Lincoln about to begin $8.15 million project on 48th Street

LINCOLN, Neb. (KLKN) – A new road project starting in the next two weeks will affect a large portion of 48th Street in north Lincoln.

“The road is at the end of its useful life, and also the water main is over 100 years old, and it had a lot of breaks recently, so it was just time to do it,” said Marc Rosso, a construction engineer for the Lincoln Transportation and Utilities Department.

LTU hosted an open house Thursday to share plans and talk with the public about the project.

North 48th Street between Leighton Avenue and Superior Street will undergo an $8.15 million improvement project.

Over $5.5 million is going toward road improvements. That money is coming from bonds and the Lincoln on the Move program.

The rest will be put toward replacing the water main.

The project will begin as soon as next week and is expected to finish up in December.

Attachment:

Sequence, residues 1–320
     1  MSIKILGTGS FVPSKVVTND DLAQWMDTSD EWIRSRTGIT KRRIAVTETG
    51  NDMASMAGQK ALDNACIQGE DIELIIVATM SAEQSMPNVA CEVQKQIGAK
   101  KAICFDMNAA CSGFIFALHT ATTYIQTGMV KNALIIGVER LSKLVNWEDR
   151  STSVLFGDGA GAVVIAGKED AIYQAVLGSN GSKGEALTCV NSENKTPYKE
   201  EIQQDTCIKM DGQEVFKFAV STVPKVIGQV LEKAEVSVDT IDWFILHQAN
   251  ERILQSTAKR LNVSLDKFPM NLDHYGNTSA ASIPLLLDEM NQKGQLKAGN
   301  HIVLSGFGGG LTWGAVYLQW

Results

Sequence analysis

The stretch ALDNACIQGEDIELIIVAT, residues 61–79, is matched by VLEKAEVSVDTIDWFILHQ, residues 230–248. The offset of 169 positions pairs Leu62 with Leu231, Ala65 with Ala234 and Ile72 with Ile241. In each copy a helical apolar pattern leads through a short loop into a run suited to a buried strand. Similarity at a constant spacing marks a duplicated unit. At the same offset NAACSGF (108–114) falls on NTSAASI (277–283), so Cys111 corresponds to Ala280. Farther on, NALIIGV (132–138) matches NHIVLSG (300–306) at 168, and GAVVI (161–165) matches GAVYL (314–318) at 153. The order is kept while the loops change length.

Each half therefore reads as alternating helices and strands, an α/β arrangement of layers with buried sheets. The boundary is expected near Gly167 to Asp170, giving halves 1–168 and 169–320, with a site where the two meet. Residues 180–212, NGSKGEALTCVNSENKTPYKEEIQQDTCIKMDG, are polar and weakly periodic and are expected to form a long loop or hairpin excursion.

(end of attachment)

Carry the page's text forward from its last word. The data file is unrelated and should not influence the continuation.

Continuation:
Some of the business owners in the area attended the open house.

“We want to make sure that the city’s values align with ours, and our ultimate goal is a walkable street,” said Joe Shaw, the executive director of the Lux Center for the Arts. “Our ultimate goal is to calm traffic. Our ultimate goal is to revitalize University Place neighborhood. This is a great start for that, but there’s more discussions that need to be had.”

Rosso said the area between Cleveland and Adams streets will be closed to all traffic for a short time, but the rest of the construction area will have at least one lane open at all times.

And Rosso said this open house is helping the city talk with business owners about what they can do to work together to minimize negative impacts.

“We hope to have minimal disruption, but it’s still a construction project, so there’s things going on all the time,” Rosso said. “We’ll work with the contractor and maintain access all the time. We’ll have signs for how people can get around, and that’s part of the contractor’s job as well.”

Business owners were helping to brainstorm ideas for how to keep customers in the area.

Shaw said this could eventually be a positive thing for the area, but it could be a few years before businesses see those benefits.

“I’m just more concerned about the future,” he said. “What happens to University Place after this?”

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